Home Uncategorized Chasing and saving an elephant with bullets in its legs

Chasing and saving an elephant with bullets in its legs

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Through history, some people celebrated people like James H. Sutherland who shot 1300 – 1600 of these beautiful creatures in Africa. He returned to London with the name given to him by the people as the “World’s greatest elephant hunter.” Not for us elephant lovers though.

This happened in Anuradhapura, a little away from the town towards farming villages that borders wildlife sanctuaries kept for wild animals. Some hunters sneak in to hunt wild boars and other small animals in this region whenever they find a window of opportunity. This is a crime punishable by law in the island, and they still do it for the trill.

In this footage, we are trying to highlight how the other and the better part of humanity attempts to save this giant from an unfortunate end. It is not an easy task to give treatments to a giant like this. The wildlife officers are risking their lives in this process of saving this elephants life, and they will be committed for weeks to come to restore the elephant’s life completely.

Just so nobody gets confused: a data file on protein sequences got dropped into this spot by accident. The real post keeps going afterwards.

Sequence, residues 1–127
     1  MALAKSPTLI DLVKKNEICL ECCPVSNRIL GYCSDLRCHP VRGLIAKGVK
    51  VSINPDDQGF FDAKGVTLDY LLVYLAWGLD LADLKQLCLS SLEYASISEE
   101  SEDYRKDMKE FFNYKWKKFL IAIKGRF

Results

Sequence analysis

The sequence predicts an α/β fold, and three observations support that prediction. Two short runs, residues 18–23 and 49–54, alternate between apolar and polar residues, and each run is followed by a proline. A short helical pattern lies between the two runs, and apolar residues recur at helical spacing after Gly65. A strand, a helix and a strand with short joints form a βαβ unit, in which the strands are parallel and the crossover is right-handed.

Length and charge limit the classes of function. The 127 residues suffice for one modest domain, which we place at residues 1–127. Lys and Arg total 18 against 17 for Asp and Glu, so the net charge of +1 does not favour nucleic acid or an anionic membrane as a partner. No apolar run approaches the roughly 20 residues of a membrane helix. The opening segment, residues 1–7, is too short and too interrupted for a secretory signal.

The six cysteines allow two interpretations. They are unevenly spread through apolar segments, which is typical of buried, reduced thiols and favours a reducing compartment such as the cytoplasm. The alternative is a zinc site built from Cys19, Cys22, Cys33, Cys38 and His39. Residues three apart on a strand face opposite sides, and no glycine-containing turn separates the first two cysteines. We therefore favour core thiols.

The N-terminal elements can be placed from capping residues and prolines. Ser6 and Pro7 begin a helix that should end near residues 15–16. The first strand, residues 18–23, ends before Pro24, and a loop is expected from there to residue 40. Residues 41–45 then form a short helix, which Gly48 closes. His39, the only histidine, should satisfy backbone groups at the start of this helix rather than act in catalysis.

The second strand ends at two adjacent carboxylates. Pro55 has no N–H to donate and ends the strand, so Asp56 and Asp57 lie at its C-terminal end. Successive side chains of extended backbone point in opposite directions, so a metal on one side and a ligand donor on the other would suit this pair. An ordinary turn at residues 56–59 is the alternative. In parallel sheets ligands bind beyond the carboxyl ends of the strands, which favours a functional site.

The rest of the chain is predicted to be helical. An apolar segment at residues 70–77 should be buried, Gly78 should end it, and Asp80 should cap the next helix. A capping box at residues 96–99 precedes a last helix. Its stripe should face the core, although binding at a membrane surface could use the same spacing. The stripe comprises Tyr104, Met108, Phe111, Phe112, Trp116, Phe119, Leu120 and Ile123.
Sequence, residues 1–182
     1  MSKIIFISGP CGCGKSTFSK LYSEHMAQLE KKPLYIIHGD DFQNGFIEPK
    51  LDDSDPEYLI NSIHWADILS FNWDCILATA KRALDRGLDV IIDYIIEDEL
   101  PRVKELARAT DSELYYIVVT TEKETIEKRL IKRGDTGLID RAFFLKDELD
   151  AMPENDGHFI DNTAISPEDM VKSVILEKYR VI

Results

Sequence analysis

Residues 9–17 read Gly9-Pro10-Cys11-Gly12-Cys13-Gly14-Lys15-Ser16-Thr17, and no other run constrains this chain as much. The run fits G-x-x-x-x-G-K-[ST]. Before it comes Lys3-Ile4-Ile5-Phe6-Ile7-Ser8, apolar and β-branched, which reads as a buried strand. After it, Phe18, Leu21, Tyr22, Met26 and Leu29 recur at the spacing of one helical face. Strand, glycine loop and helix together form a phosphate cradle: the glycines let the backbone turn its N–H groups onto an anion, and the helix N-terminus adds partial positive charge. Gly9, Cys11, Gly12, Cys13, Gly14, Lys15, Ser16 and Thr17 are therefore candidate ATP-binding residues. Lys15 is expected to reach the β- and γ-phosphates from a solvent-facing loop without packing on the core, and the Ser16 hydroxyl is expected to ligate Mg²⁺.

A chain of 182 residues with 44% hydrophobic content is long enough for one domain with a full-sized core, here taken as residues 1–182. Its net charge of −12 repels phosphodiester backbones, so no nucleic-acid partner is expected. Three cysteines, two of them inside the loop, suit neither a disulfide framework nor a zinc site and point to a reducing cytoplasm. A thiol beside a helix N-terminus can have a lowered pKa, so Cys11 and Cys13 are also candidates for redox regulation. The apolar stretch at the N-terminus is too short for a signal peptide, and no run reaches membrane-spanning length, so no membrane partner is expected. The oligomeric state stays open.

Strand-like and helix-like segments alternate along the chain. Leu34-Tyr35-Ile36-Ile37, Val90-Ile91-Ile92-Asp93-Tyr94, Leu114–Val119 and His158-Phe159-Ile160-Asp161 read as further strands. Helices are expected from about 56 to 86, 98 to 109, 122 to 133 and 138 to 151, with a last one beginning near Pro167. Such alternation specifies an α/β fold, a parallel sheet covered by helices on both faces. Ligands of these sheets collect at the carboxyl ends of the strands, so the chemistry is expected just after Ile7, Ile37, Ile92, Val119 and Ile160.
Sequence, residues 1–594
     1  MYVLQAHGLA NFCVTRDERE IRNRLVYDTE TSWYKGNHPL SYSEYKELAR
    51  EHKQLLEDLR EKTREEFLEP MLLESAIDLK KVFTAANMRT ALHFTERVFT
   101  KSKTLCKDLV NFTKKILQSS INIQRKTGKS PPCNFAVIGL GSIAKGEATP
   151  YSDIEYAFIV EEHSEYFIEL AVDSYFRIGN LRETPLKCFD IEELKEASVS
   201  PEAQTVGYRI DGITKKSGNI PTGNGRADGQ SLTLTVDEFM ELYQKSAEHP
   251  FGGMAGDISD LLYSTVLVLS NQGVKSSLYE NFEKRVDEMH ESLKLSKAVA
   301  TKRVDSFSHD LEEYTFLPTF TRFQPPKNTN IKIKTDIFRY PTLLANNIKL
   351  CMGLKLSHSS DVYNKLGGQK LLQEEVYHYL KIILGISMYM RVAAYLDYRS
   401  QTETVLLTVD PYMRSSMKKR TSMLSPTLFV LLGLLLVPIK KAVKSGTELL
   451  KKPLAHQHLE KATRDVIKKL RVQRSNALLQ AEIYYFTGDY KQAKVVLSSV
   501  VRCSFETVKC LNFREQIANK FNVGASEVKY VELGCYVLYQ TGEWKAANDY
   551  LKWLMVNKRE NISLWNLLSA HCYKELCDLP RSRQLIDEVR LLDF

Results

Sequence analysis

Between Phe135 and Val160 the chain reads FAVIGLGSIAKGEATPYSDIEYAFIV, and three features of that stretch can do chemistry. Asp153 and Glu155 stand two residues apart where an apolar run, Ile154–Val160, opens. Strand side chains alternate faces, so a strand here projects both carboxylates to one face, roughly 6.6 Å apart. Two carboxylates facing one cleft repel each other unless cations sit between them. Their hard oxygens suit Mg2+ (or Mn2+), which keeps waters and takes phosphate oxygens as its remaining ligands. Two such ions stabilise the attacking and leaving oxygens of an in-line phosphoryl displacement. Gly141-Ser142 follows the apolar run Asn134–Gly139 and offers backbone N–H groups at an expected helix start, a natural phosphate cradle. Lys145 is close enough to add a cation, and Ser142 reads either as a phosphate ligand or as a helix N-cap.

Watch the footage on how these villagers are passionate about saving this elephant. This is what we need from every human being, to care about these animals to live to see several more centuries and to survive extinction.

More on Elephants:

In the beautiful island of Sri Lanka, Elephants roam the streets and through village areas freely in many regions of the country. The small island nation is full of elephants that are loved by most of the inhabitants of the island. Most educated in the country are continually fighting corruption, and animal abuse, especially towards the treasures that elephants are to the state as Sri Lankan elephants are known as the largest and the strongest among Asian elephants.

However, around farming villages where elephants raid crops, many conflicts are happening that have caused casualties to both sides. They have set a lot of fences and electric fences with barriers around many villages and farmlands around national parks and many massive forest reserves. These elephants often run into traps and wells placed along with farms for water supply.

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